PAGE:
CK Robert, any music or art or books or films that you’ve found particularly inspiring or engaging, either now or over the years?
RS Loaded questions those ones are.
DK I keep coming back, in terms of books and writings, to the things that first inspired me. Like in terms of bands, the obvious ones like the Velvets and New York punk bands, and early youngish punk bands. For some reason those have made a strong lesion in my musical brain, I suppose. Just reading the Alex Chilton book at the moment, and that’s a really interesting read. We actually got to play with him in ’96 in Germany, so I sort of feel like I’ve got a good insight into him. He taught us how to smoke hash off the end of a guitar string under a glass.
DK Genius. (laughter)
RS And I actually got a recording of him telling us how to do it. (laughter)
DK Man, bootleggers around the world just shuddered. And the Chilton family just shuddered as well, I’m sure.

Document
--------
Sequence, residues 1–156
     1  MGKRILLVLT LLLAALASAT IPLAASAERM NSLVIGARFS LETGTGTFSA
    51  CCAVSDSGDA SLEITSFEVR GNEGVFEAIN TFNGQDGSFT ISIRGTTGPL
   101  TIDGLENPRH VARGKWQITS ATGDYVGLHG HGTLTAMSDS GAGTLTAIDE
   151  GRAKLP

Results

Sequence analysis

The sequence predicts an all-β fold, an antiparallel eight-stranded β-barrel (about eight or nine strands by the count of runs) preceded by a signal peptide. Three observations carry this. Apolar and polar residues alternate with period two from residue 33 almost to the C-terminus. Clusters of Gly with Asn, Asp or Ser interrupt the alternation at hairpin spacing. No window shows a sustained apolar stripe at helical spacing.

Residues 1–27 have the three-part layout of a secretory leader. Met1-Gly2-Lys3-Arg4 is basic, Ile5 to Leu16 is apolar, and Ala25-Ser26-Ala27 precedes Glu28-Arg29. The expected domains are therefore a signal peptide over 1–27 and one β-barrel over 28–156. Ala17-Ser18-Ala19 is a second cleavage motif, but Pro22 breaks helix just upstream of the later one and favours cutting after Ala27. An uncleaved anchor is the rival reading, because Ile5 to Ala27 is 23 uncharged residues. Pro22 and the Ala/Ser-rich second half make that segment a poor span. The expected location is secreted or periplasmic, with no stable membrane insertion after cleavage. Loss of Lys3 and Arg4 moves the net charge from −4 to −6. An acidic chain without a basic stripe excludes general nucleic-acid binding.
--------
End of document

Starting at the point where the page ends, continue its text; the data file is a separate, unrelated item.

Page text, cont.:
CK How and when did each of you start painting?
DK I was just thinking about that. Actually for me it was just an extension of childhood. I mean all kids paint and draw and my mother encouraged it definitely. That’s how it started with me. Funnily enough, Bob and I went to art school. So I didn’t really know Bob, I may have bumped into him at parties. But we were at art school at the same time funnily enough. That’s where I spotted him.
RS Yeah, good old art school, where lots of bands are formed.
DK I met quite a few people there.
RS I always drew as a kid, I suppose. I didn’t have a TV so I was drawing and then slowing turned that into painting. Then I went to art school and really didn’t do that much there apart from meet David and join The Clean.
It took me a while to develop my painting style, but I’ve been painting a certain way over the past ten years and selling a few of those. I’ve been enjoying painting very much at the moment, and selling them even more.
DK Well, for me it’s just a continuation of doodling, and doing art and whatever I feel like doing. I’ve been painting more because people who like my music buy my paintings, so it’s been encouraging. Even when I’ve got no money and nothing to paint with–but I do enjoy it, and it encourages my art and vice versa. As for how it connects to music, for me it’s usually been a job in that you put some music out and you need some art. It’s kind of a creative impulse to do the artwork for the music.